I once held a blue and gold box on my desk, which held almost two dozen workouts that I've worn and tested over the years. A colleague called it my wearables cemetery .
When I got tired of Fitbit, Samsung Gear Fit, Garmin Vivosport or what was wrapped around my wrist, I would throw it in the box. I have never found a reason to have a tracker for more than a few months. I want to get my heart rate, confirm that I need more sleep at night and burn a predictable amount of calories every time. Before long I want to know what my health tracker would tell me so I would stop using it and continue.
I'm almost not alone. And there is a problem for Fitbit and other companies that sell these devices.
"The market has some workout training," said Weston Henderek, an expert on the subject of the market research firm NDP Group. "A few years ago, it was a very trendy thing to wear a tracker. The category is still growing, but people are gravitational against smartwatches."
The basics of reversing this trend make companies work out slimmer and pack them with features like alerts, audio playback and longer battery life. Giving people more data about their health can also make the devices attractive for employers and health insurance companies.
Related: Can a week of wearables improve your health?
Fitbit's Charge 3 tracker, announced Monday and preview by CNN last week, checks all these boxes. It's so easy that you may forget it, it takes seven days for a cost and the design does not shout, "Yes, I am count my steps!"
Fitbit calls Charge 3 Ferrari by training trackers. I want to say that it's a Toyota Camry: Nice enough on the eyes, reliable, and at $ 149, relatively reasonable when they hit the store shelves in October.
And, like a Camry, you can choose some upgrades. The base comes in black or rose gold and you can choose a $ 30 silicone ribbon from a rainbow of colors. Pay a little more and you get an exclusive net or leather strap. You can also get one that supports Fitbit Pay for $ 169.
The water repellent charge 3 sheds the heavy push-to-navigate interface of previous models for an intuitive touchscreen. And the almost invisible haptic feedback button on the page is a nice upgrade from the disc based on Fitbit Charge 2. It supports multiple push notifications, trailing angles in the pool, and lets you set training goals like burning 300 calories during a workout or shedding 10 pounds.
But Charge 3 lacks built-in wireless connection, so you need to have your phone nearby to use some features like GPS. It's bad news anyone wanting to track running routes without changing the smartphone, but Fitbit said adding GPS would have meant a clunkier device and a shorter battery life – two things the consumers definitely do not want. If you want GPS on board, it costs ionic $ 249.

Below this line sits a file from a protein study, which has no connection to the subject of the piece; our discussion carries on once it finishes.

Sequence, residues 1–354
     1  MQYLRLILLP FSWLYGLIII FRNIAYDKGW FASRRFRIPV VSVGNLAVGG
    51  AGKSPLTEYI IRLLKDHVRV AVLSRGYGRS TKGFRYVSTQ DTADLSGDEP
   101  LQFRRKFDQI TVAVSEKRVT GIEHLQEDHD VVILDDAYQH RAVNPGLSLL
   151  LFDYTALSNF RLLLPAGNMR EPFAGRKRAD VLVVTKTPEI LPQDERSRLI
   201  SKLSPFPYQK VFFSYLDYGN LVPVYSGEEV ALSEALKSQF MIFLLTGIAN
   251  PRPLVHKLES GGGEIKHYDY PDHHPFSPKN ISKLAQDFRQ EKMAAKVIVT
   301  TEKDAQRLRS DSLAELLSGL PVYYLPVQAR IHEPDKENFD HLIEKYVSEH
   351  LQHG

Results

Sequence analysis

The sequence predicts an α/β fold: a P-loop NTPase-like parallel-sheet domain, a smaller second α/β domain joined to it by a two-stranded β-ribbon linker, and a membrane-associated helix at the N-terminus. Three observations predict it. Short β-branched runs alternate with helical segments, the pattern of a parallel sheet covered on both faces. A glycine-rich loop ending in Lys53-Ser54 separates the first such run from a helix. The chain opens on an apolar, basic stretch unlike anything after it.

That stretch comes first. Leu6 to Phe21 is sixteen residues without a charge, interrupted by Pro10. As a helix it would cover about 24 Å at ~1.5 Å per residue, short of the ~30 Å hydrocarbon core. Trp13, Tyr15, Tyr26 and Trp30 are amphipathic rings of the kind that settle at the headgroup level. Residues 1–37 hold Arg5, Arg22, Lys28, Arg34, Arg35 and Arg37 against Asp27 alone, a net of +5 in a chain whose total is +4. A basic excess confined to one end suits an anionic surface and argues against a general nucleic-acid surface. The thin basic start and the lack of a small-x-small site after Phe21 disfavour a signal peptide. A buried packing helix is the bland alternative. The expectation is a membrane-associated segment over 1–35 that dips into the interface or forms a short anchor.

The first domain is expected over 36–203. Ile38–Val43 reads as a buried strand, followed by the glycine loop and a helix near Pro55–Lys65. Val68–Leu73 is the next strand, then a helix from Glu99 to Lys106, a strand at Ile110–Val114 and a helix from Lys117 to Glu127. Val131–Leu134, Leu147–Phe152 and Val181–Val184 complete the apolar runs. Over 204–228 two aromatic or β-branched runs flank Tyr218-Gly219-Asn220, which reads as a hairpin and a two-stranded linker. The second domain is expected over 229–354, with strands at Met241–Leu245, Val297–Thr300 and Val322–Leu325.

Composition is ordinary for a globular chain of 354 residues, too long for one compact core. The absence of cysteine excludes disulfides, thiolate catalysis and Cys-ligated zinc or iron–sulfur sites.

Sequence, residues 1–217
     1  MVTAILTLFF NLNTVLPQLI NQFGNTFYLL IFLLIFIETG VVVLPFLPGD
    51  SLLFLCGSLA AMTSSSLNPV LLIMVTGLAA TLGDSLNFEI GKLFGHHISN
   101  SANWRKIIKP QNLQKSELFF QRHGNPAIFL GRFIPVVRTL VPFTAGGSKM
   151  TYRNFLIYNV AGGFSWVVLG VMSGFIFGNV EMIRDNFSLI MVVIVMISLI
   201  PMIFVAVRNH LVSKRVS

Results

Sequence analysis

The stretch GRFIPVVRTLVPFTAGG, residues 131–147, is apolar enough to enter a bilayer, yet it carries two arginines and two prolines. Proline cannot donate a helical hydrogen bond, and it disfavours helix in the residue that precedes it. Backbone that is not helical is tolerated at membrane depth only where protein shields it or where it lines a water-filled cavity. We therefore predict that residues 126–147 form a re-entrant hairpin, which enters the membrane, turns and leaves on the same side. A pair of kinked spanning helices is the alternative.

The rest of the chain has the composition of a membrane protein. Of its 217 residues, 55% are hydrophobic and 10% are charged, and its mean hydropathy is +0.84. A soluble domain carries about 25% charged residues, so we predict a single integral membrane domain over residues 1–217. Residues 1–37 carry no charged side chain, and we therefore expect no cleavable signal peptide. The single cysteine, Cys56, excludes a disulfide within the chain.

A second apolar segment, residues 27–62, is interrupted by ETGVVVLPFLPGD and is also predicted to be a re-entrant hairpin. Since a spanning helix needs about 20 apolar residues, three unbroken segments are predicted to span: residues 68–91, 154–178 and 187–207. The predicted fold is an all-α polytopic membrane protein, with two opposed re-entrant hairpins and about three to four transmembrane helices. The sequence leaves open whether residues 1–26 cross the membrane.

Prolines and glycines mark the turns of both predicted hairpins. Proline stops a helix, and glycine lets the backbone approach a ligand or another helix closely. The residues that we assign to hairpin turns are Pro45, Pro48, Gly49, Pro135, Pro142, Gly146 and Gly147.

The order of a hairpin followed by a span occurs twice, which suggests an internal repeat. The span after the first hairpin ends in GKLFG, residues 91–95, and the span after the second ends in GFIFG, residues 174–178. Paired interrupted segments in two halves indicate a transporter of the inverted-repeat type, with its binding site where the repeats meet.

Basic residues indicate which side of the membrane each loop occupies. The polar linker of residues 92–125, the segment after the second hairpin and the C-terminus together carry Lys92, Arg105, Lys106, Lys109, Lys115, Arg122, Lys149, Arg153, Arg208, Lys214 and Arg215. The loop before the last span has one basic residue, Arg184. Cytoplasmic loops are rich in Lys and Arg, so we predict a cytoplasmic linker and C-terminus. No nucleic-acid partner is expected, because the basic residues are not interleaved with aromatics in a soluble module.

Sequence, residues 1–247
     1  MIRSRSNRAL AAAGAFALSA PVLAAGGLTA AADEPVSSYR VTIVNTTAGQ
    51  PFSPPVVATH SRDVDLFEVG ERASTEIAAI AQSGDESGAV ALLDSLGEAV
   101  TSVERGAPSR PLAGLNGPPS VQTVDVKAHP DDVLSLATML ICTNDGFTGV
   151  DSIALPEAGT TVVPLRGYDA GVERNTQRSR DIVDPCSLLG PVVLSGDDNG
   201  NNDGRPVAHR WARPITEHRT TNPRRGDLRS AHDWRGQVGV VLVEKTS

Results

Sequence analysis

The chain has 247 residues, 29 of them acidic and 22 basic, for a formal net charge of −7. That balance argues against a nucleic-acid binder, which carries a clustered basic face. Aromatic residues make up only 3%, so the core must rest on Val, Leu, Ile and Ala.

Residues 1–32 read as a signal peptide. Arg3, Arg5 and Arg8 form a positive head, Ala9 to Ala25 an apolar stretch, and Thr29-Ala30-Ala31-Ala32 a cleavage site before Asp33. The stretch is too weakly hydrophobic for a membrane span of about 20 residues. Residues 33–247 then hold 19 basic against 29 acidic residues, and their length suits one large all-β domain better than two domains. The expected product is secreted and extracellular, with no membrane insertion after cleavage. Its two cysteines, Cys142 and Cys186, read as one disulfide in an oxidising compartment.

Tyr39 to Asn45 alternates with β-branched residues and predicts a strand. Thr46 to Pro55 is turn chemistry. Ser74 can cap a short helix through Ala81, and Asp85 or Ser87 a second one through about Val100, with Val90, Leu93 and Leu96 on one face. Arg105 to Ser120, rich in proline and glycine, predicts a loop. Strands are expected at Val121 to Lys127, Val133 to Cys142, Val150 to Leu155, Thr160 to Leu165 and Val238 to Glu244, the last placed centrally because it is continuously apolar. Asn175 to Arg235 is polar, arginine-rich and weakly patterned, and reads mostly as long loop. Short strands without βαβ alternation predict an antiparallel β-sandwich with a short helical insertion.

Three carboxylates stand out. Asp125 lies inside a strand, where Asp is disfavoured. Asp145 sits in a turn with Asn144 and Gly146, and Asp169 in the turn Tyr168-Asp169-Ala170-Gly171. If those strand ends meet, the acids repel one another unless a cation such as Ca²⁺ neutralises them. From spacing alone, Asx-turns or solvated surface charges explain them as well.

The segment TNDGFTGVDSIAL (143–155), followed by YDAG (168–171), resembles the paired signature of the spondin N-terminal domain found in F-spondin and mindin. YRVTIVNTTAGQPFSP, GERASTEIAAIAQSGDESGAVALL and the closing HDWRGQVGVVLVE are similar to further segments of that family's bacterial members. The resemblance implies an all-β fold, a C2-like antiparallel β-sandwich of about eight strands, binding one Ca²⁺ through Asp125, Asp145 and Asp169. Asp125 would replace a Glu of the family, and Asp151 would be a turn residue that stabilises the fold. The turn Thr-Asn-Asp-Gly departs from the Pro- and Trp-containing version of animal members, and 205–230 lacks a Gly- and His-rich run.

Related: A Robot Bed Cradled My Baby to Sleep for Several Months
All this is the standard price for exercise tractors. What sets Charge 3 apart is the Sp02 sensor – stenography for peripheral capillary oxygen saturation. It measures your oxygen level in the blood. Together with Fitbit's heart rate tracking and sleep monitoring, trifecta provides a snapshot of your overall health. An analysis feature detects some unusual developments in your data, such as a high heart rate, and makes related suggestions, such as trying a meditation app to reduce stress.
The truly remarkable thing about the new Fitbit is the price. The Garmin Fenix 5x has a similar oxygen sensor for blood, but costs $ 649. Providing so much for so little can extend Charge 3's appeal to more people, and even businesses.
"Some insurance companies and employers give away or discount these devices to employees and ultimately help reduce health costs," said Jitesh Ubrani, senior research analyst for IDC. The lower price makes it easier to do, he said, and companies can even buy them in bulk, and drive prices further.
Trainers caught fast, jumped from 3 million sold in 2013 to an impressive 45 million last year. But it will go slowly from now on, even though healthcare professionals begin to share training traces. IDC expects Fitbit, Garmin and the rest to sell 47 million units per year by 2021.
Apple has 22% of the market, mainly due to increasing interest in smartwatches and advanced features such as mobile connectivity. Fitbit trails behind 14% with Xiaomi not far behind.
"Many players have already gone out or not so prominent, so the company is in a good position to get a bigger share," said Urbani.
And with all the additional features, the 3 left can not end up being buried in a box.
CNNMoney (New York) First published August 20, 2018: 8:59 ET